Sunday, September 15, 2013

Dromedary and Bactrian

By Julie Rahm

There are two species of camels, the Dromedary (Camelus dromedarius) and the Bactrian (Camelus bactrianus). Dromedary camels have one hump and were domesticated about 4,000 years ago. There are no Dromedaries left in the wild. However, there is a large feral population (600,000) of Dromedaries living in the Australian outback. On the other hand, Bactrian camels have two humps. Although most of their numbers are domesticated, they still have a small wild population.

One hump or two, camels are one of the most adapted animals in the world. They can avoid perspiring by raising their body temperatures about ten degrees and thus preserve their fluid. Their eyes are large and protected from wind and sand by double layers of long lashes. Their eyebrows provide a boney "visor" that shields the eye from the sun. Camels also have a third eyelid that moves sideways and acts like a windshield wiper, brushing the eye clean of sand. Even when this eyelid is closed, camels can still see, allowing them to travel in blinding sandstorms. The camel's ears and nose are lined with hair for protection from dust and sand. The camel's nose is also designed to trap moisture from its exhalations, thereby conserving body fluids. A camel's long legs keep the bulk of its body high above the reflective heat of the desert sand.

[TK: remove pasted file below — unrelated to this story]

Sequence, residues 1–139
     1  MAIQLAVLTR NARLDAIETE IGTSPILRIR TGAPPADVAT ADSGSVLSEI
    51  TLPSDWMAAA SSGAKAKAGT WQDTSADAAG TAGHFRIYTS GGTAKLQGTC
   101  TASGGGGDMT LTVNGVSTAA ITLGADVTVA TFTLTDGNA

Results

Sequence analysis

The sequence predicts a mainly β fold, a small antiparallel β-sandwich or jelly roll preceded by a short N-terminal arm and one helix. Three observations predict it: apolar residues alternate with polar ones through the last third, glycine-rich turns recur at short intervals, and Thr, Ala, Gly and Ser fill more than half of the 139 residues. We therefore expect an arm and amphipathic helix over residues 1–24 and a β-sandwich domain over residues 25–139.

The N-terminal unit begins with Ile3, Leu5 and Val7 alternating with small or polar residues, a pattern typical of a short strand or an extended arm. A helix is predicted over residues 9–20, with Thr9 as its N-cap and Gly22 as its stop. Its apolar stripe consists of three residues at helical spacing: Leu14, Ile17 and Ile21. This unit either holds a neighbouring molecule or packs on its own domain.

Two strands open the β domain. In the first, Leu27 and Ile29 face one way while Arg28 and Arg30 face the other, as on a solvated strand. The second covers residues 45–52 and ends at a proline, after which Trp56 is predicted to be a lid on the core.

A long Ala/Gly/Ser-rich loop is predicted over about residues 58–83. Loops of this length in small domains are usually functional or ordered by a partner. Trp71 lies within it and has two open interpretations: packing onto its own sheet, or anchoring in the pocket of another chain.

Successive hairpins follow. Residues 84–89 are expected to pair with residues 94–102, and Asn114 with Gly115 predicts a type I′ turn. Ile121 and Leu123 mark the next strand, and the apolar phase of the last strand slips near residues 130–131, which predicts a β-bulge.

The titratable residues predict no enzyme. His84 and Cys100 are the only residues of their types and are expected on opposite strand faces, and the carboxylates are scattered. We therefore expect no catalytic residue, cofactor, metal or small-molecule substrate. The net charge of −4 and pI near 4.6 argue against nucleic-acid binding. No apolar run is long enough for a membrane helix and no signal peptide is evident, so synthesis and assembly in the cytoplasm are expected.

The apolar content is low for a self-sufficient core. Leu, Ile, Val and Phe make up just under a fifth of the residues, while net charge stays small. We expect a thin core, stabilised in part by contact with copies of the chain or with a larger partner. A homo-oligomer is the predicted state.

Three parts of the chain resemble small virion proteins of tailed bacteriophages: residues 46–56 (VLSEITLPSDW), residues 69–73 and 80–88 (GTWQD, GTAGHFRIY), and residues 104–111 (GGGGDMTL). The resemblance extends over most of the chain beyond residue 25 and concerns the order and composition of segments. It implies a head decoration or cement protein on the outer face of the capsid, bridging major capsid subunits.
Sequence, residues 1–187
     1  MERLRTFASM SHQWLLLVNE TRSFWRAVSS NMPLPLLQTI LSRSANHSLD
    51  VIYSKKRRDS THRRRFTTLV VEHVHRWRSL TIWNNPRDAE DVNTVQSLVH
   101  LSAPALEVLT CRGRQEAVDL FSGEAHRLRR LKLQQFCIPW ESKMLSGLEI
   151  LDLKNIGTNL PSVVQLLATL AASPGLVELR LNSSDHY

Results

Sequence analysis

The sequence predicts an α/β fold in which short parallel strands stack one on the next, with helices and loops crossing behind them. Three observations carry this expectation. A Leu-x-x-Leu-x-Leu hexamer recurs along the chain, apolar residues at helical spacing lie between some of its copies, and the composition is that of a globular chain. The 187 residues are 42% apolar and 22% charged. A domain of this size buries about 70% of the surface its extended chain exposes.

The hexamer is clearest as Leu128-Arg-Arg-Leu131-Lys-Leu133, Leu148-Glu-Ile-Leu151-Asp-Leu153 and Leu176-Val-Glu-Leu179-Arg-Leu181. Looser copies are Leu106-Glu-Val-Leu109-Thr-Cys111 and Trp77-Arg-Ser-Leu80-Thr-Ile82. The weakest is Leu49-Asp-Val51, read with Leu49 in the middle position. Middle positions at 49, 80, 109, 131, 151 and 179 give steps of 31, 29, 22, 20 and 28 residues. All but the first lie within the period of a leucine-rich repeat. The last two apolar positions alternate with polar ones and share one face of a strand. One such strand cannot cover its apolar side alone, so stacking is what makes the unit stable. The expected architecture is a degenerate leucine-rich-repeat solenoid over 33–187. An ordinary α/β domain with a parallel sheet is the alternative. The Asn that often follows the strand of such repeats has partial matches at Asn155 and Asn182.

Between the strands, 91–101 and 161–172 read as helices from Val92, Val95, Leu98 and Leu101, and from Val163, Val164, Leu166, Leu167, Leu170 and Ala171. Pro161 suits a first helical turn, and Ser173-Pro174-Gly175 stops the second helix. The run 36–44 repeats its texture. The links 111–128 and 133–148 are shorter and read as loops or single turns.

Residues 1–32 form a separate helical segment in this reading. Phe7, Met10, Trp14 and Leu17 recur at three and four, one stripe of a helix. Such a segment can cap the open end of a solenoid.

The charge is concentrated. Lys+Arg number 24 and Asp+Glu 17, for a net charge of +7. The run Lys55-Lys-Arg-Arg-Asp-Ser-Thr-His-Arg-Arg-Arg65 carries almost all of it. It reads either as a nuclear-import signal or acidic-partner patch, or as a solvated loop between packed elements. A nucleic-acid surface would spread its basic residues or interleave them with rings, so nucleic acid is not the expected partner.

A camel is a cud-chewer and vegetarian, preferring dates, grass and grain. But, when food is scarce, it becomes an omnivore, making a meal out of anything it can find, including thorns, bones, meat and even its owners’ tent. Camels need salt in their diet and can drink brackish water that would make other animals ill. The camel's mouth is tough-skinned and has a split lip, allowing it to strip even the thorniest trees of vegetation. Camels possess sharp teeth, which are used to feed and defend themselves. In the summer, camels can go five to seven days without food or water. In the winter, a camel can extract enough moisture from its food to go 50 days without water. A thirsty camel can drink up to 30 gallons of water in less than 15 minutes. A camel’s kidney concentrates its urine thus preserving water. Camel urine can be as thick as honey. (Now you know!) And, a camel's poop is so dry it can be used immediately to start a fire. (Too much info?)

Camels have a reputation for spitting. But this is incorrect. (Just ask my former Marine husband, John who has first-hand experience with Bedouin camels.) Actually, camels “hock” stuff up from their stomachs and vomit on you. (Nice!) John says camels are the nastiest animal on the planet. He contends considerable discipline restrains Marines from occasionally shooting a surly camel. And finally, let’s get to this week’s life message.

Persevere until you get over the hump. Often, time will provide perspective and relief. And, to improve the situation contact me at my website, More on humps next week!

Sunday, September 8, 2013

Big Boxes

By Julie Rahm